“Go as far as you can see. When you get there – you’ll be able to see farther.”
– J.P. Morgan
Question: “How do I know if I will outlive my money?” – Julie F., Marco Island.
Answer: Most Baby Boomers, retirees and pre-retirees — especially women — wrestle at some level with the dilemma of depleting their assets. Increased longevity and economic uncertainty are valid reasons to be concerned.
The first step before you run off to one of the many lunch or dinner presentations and do something with your nest egg that you may not be able to undo, is to analyze your overall financial situation. Start by taking inventory to see how much you’ve actually accumulated, consider health issues and your family’s life expectancy history to estimate how long you think your savings will need to last, and then contemplate the rate at which you’ll spend your money.
Unfortunately, we don’t know how long we’ll live so it’s important to at least consider making even minor changes to spending patterns for your nest egg to last as long as possible. You’d be surprised how quickly savings add up if you’re conscientious and monitor cash flow in writing. Also, try to plan your expenditures and avoid impulse buying.
If you’re trying to stretch your savings, withdraw money from your IRA as deliberately and gradually as possible. Not only will this conserve the principal balance, but your IRA funds will have the opportunity to continue growing tax deferred during your retirement years. Remember that you must start taking required minimum distributions (RMDs) from traditional IRAs (but not Roth IRAs) after age 70 years, six months.
Don’t assume you’ll be able to live on the earnings from your investment portfolio for the rest of your life. You may need to draw principal at some point. If you whittle away your principal too quickly though, the likelihood of earning enough on the remaining principal to carry you through the later years declines. Review your portfolio on a regular basis with a trusted financial advisor.
Continue to grow
When investing primarily for safety, there may be a risk of not keeping up with the effects of inflation. If the rate of return on your portfolio doesn’t keep up with inflation, you’re actually losing purchasing power on your money. Typically, the allocation of your portfolio should progressively become more conservative as you grow older, but it is wise to consider maintaining at least a portion of your portfolio in growth investments. Clearly, you should invest according to your risk tolerance and other personal factors.
Back to basics
Although you’ll undoubtedly make changes to your investment portfolio as you reach retirement age, you should still bear inmind the basic rules of investing. Diversification and asset allocation remain important as you make the transition from the accumulation stage to the draw-down phase of your financial life cycle.
Simply stated the laddering technique staggers maturity dates of fixed income investments so that they mature at different times. Although we’ve experienced an unusually long period of low interest rates, they do rise and fall. Laddering investments may minimize interest rate risk because you’re investing at different times presumably at various interest rates.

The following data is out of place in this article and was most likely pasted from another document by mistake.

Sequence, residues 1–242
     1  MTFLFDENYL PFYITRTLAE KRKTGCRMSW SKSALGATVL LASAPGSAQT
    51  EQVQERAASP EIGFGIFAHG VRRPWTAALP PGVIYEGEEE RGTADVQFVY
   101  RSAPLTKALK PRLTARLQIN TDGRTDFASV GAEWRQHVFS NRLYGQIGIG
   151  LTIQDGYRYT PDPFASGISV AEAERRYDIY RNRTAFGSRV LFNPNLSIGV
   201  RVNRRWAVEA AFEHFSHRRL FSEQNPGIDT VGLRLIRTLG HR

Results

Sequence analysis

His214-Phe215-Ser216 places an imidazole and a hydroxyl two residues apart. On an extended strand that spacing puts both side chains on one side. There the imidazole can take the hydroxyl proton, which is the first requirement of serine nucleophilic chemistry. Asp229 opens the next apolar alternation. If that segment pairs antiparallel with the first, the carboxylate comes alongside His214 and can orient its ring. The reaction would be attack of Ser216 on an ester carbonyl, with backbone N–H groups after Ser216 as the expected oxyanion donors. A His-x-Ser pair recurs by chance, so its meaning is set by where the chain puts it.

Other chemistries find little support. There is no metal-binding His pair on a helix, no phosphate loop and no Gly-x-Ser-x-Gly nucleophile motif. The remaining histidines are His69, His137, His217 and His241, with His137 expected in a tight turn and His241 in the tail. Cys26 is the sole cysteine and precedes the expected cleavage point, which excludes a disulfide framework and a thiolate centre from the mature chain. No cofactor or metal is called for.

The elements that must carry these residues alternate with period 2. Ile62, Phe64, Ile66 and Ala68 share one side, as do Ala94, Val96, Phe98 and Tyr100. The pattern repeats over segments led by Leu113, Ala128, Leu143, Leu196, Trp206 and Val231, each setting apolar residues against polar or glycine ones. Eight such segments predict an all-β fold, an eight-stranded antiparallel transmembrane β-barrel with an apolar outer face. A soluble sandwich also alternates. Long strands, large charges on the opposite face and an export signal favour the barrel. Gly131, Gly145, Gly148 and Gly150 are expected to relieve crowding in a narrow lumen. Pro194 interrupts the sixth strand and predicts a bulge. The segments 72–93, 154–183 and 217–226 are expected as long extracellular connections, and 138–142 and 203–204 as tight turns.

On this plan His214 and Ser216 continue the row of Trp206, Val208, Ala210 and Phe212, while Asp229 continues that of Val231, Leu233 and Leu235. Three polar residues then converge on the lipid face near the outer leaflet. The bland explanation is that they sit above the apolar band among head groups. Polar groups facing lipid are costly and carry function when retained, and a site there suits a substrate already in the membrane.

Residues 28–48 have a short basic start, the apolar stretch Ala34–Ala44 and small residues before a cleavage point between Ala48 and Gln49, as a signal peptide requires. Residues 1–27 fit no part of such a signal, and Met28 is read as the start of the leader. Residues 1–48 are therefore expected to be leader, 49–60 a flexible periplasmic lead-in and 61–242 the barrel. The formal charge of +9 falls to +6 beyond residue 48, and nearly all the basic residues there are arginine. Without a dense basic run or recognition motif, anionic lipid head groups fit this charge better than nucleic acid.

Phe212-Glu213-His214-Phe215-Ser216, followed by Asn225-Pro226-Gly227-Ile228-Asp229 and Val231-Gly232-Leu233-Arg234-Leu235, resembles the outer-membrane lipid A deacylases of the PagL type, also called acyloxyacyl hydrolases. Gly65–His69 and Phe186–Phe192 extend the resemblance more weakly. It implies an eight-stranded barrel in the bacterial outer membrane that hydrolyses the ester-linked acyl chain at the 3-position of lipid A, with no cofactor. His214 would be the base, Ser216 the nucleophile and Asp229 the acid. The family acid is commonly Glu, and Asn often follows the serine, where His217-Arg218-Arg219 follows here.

A devastating health issue has the power to destroy financial plans and dramatically change lives. You may want to consider taking out a long-term care insurance policy that may cover nursing home care, home health care, adult day care, respite care and residential care. If you decide to purchase such a policy, you’ll need to choose the best time to do so depending upon insurability and age to determine your costs.
Men and Women are different
Most of us know that statistically women live longer than men live. For planning purposes, advisors make projections based on probabilities which translate to “the longer you live, the longer you will live” as the chart indicates (from Spending Flexibility and Safe Withdrawal Rates from the Journal of Financial Planning based on Social Security Administration period life table).
Another difference between women and men, according to The Financial Analysts Journal, is that women are unsure of themselves concerning investment matters. Although half of the women surveyed do share the responsibility for managing savings and investments with their partner or spouse, fewer than 1 in 10 women identified themselves as capable or confident to make those decisions alone. This group of women consistently turn to the men in their lives (fathers, sons and brothers) for guidance rather than consulting with female family members.
Research suggests that women are hard-wired with behavioral traits that can make them excellent investors. Examples of these qualities include being more realistic in their expectations, having an aversion to extreme risk and taking a longer-term view of financial planning supports this finding.
Based on the uncertainty of economic conditions, political events and health issues, confidence and knowledge are powerful forces when dealing with financial matters. Successful investors and retirees tend to possess a healthy respect for risk, maintain realistic expectations, remain flexible and regularly review short- term and long-term financial planning goals. Creating financial security for you and your family requires awareness and participation. Stay focused and invest accordingly.
This article provided by Darcie Guerin, CFP®, Associate Vice President, Investments & Branch Manager of Raymond James & Associates, Inc. Member New York Stock Exchange/SIPC 606 Bald Eagle Dr. Suite 401, Marco Island, FL 34145. She may be reached at 239-389-1041,firstname.lastname@example.org or www.raymondjames.com/Darcie. Please contact Darcie with any questions you would like to have answered in this column.